A pleasant evening walk visiting High Crag and Brown Bank, two of the minor summits on the sweep of moorland between Bolton Abbey and Skipton.
|Parking:||Roadside, Barden Road|
|Route:||Download Route [GPX]|
I do like the long evenings of late spring and early summer. It provides ample opportunity for post-work evening walks and if lucky the chance of a sunset. Generally I tend to stick to places within 30-40 minutes drive from home and one of my favourite places for an evening walk is the large expanse of moorlnad between Bolton Abbey and Skipton. On this occasion I decided to revisit two of the lesser known tops on the moor, High Crag and Brown Bank.
I started from the parking area immediately above a cattle grid on the road from Barden Tower to Eastby and Embsay. Eschewing the most direct approach on to High Crag, also labelled on maps as Halton Height, I took a track immediately opposite the parking area heading south above How Gill. Descending slightly the path then turned right to pass below the gritstone outcrops of Low Crag before climbing back up to the road again.
“I wasn’t in any rush, so I sat below the large boulder that marks the highest point, ate my lunch and enjoyed the views.”
Crossing the road I took a faint path climbing up to a broader grassy path slanting up below the outcrops of High Crag. One particularly striking rock had the profile, at least from below, of something from the Easter Islands. Rather than continuing up alongside the wall I zig-zagged up to this rock to gain the main edge. After a brief exploration of the top of the crags I then made a beeline north to the summit cairn and trig point.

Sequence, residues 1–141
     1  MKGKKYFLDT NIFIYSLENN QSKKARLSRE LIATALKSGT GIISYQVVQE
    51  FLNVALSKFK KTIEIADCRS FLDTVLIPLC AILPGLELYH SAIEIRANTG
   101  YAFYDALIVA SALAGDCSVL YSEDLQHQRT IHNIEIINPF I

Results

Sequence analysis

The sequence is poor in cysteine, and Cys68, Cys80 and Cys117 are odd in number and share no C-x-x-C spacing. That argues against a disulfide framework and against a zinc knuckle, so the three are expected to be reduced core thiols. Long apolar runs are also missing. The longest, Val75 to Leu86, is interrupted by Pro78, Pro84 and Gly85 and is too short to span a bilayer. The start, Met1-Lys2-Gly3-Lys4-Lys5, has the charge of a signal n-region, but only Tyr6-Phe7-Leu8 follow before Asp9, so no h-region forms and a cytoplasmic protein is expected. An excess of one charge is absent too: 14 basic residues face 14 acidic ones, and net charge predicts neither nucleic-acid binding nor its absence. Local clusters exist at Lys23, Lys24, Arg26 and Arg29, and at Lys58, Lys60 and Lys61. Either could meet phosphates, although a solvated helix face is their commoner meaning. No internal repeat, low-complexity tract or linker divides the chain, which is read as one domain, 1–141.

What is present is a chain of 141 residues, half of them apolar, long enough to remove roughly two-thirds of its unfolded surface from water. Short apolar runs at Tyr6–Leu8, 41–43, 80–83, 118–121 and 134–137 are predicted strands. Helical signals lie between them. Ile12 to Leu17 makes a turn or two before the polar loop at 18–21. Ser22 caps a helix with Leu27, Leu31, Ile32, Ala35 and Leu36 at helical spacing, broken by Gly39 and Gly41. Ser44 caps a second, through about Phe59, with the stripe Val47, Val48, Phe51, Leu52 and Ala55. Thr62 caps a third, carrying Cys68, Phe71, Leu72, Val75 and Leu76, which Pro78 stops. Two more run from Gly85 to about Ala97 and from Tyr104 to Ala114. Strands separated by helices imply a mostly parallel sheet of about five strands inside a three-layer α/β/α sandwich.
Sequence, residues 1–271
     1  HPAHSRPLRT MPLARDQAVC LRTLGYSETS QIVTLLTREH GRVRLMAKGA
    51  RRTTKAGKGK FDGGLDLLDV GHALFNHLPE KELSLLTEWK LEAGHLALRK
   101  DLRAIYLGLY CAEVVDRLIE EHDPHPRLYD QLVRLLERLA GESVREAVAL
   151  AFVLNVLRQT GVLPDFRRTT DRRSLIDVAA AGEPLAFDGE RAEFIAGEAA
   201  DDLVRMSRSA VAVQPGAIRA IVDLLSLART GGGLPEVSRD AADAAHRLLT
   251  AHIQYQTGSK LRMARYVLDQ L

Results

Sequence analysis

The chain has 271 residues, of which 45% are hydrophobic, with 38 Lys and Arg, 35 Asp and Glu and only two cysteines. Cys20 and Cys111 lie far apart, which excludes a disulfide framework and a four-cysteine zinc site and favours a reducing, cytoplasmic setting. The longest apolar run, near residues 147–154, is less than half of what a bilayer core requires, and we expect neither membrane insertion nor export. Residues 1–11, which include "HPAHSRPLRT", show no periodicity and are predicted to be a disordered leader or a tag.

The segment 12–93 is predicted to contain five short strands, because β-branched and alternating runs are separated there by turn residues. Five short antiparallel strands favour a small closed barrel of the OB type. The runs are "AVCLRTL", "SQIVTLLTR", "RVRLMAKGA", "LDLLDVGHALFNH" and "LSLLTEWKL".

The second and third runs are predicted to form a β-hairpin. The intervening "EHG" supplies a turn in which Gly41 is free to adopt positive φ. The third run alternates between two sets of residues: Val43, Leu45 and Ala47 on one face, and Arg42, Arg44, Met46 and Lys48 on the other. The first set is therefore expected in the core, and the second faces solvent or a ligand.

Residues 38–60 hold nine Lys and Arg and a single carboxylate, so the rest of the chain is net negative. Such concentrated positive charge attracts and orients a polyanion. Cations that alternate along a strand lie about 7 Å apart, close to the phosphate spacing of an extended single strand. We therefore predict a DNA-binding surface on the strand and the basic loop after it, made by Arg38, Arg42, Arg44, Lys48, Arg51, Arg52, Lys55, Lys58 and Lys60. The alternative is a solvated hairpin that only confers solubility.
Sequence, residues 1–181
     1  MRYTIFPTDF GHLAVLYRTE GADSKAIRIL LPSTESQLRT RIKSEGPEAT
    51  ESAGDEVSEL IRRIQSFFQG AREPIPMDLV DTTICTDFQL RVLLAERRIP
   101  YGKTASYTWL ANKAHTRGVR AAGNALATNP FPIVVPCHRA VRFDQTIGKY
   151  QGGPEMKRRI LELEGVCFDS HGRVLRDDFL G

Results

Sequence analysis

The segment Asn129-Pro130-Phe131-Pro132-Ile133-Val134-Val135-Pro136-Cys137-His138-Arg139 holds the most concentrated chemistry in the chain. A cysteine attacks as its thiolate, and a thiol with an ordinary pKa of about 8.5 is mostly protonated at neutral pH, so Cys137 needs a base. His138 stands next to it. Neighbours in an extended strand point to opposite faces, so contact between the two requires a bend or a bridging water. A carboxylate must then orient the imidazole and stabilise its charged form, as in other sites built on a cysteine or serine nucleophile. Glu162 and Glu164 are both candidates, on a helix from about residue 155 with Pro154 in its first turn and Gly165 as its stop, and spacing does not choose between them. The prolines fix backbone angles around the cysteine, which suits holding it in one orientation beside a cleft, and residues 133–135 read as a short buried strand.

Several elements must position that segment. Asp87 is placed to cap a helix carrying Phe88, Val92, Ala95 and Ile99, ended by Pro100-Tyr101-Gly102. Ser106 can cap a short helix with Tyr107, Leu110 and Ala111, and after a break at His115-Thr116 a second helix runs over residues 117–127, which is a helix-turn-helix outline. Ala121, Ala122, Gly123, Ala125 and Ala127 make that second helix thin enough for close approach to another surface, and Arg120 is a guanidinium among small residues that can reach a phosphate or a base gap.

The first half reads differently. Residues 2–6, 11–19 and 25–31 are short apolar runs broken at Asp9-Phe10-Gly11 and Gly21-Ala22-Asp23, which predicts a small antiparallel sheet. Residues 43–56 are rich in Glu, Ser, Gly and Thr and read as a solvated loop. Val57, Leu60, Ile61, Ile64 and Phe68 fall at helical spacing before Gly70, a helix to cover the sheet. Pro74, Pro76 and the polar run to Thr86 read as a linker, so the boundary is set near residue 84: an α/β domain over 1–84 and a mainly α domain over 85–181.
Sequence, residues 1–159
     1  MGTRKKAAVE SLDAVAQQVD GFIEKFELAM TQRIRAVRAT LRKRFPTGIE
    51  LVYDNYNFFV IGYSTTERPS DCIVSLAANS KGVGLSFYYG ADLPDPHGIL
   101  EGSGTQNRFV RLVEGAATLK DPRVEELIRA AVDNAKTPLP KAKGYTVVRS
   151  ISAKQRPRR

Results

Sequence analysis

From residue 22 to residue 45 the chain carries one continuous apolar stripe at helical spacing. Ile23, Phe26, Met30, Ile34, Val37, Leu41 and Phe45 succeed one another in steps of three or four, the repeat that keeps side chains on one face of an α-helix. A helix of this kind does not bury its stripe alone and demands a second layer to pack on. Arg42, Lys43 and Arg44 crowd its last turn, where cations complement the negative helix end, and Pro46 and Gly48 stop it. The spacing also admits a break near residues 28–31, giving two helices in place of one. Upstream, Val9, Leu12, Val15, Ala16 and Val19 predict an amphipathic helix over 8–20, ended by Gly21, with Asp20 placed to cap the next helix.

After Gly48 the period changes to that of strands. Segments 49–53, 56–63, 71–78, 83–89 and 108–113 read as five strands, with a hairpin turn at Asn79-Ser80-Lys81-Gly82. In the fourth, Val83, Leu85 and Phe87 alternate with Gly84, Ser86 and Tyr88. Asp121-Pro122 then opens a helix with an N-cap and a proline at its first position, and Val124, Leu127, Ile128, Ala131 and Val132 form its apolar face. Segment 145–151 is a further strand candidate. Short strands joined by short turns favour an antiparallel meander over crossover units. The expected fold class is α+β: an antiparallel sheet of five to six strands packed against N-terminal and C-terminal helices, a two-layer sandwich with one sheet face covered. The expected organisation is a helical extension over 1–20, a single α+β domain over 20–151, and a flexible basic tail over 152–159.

After taking a few photos at the top I made my way on a thin path back to the wall which runs along the top of a wood. Here a followed a thin path heading west above the wall for the next mile and a quarter, passing Eastby Gate, crossing Heugh Gill and eventually joining a path heading north on to the moor from Embsay. All along this stretch there were some fine views of Skipton Moor to the south as well as Skipton Quarry, the workings of which are well hidden from motorists on the A59.
Resisting the temptation to make a detour on to the neat top of Embsay Crag I took the thin path heading north across Embsay Moor heading for Brown Bank. For the next mile or so the path climbed ever so gently towards Brown Bank. Unfortunately, my arrival coincided with a large bank of cloud blocking out the sun. I wasn’t in any rush, so I sat below the large boulder that marks the highest point, ate my lunch and enjoyed the views.
From Brown Bank the return was simplicity itself, a simple case of joining the wide bridleway heading east and following it all the way back to the parking area. While it stayed cloudy for most of this final stage of the walk I did enjoy a brilliant though brief burst of golden late evening sunshine. These five minutes alone made the entire walk worthwhile.